14 Therefore, my beloved, shun the worship of idols.
15 I speak as to sensible men; judge for yourselves what I say.
16 The cup of blessing which we bless, is it not a participation in the blood of Christ? The bread which we break, is it not a participation in the body of Christ?
17 Because there is one bread, we who are many are one body, for we all partake of the one bread.
18 Consider the people of Israel; are not those who eat the sacrifices partners in the altar?
19 What do I imply then? That food offered to idols is anything, or that an idol is anything?
20 No, I imply that what pagans sacrifice they offer to demons and not to God. I do not want you to be partners with demons.
21 You cannot drink the cup of the Lord and the cup of demons. You cannot partake of the table of the Lord and the table of demons.
Note that some translations have "communion" in place of "participation" in verse 16. Notice also (v. 17) that the Eucharist is the bond that joins Christians as well as being a symbol of their unity. This agrees with the description of the first Christians in Acts 2:42, which implies that the eucharist was a cause of their unity: "And they devoted themselves to the apostles' teaching and fellowship, to the breaking of bread and the prayers."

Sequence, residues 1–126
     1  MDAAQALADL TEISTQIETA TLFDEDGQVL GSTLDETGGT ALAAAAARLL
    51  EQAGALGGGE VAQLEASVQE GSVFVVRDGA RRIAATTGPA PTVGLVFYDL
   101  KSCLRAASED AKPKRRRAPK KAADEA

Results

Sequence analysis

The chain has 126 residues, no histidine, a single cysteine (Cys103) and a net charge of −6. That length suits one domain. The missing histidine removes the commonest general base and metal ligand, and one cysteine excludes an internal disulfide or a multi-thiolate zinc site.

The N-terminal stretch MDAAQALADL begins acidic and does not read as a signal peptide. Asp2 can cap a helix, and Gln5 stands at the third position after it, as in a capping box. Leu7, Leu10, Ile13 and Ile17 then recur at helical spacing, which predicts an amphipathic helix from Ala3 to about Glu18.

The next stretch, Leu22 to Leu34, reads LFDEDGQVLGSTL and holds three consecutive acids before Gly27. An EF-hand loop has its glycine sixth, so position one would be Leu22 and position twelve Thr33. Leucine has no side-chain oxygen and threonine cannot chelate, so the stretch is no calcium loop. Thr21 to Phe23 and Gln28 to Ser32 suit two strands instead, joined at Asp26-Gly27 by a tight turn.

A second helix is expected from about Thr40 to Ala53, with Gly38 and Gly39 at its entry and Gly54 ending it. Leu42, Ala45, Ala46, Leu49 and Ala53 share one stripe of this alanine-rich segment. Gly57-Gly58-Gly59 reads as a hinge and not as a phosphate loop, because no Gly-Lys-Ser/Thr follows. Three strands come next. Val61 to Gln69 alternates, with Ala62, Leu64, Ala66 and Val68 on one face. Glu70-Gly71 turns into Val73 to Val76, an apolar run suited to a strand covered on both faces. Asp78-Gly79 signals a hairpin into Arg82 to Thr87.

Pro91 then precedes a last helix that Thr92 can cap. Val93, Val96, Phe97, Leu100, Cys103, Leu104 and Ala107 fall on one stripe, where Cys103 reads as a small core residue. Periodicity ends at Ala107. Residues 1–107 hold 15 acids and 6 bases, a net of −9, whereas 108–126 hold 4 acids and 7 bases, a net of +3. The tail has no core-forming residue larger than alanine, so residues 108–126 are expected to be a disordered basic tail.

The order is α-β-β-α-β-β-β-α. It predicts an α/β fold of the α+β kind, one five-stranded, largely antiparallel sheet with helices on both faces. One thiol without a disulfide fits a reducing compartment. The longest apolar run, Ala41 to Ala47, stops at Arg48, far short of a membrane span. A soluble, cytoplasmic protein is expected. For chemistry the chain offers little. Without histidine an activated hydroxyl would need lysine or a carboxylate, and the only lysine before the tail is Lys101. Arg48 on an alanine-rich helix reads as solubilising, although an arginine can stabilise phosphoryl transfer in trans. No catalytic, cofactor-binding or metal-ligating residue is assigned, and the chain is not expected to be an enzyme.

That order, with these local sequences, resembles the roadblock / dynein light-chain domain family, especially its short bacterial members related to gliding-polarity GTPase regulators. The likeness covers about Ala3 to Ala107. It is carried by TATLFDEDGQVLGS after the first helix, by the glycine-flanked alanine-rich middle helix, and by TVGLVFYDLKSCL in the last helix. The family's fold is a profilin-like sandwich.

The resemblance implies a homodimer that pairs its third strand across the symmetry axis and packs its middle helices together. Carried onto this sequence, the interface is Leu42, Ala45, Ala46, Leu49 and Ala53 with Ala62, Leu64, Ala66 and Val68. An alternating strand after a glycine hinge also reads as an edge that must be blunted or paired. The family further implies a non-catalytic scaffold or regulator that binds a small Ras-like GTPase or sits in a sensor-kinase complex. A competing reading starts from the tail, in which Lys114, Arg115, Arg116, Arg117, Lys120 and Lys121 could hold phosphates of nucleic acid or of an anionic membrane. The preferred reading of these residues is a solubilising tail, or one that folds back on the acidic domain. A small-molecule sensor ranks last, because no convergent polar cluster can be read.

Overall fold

Notice how St. Paul draws a parallel pagan sacrifices and the Eucharist; the former is offered to demons, the latter to God: "By eating the meat of animals offered to Yahweh, Jews participated in the sacrifice and worship in his honour; and by receiving the body and blood of the Lord, Christians unite themselves to Christ; similarly, those who take part in idolatrous banquets are associating themselves not with false gods--which have no existence-- but with demons." (Navarre Bible, commentary on vv. 14-22) Thus, the Eucharist is a sacrifice to God.This teaching of St. Paul also brings out the full meaning of chapter seven of the Letter to the Hebrews, in which Christ is called ``a priest forever in the line of Melchizedek'' (cf. Psalm 110:4). Melchizedek offered bread and wine as his sacrifice to God (Genesis 14:17-20), a sacrifice which foreshadowed Jesus' own sacrifice. For Christians, the Holy Eucharist is the unbloody renewal of the sacrifice of Calvary. It is not a new sacrifice, but a continuation of our Lord's self-immolation, which transcends all time and place. In communion, a Christian receives our Lord and also offers himself to the Lord: it is an exchange of persons. To the early Christians this exchange must have been painfully obvious, since their participation in the Eucharistic feast implied their willingness to confess Christ even to death.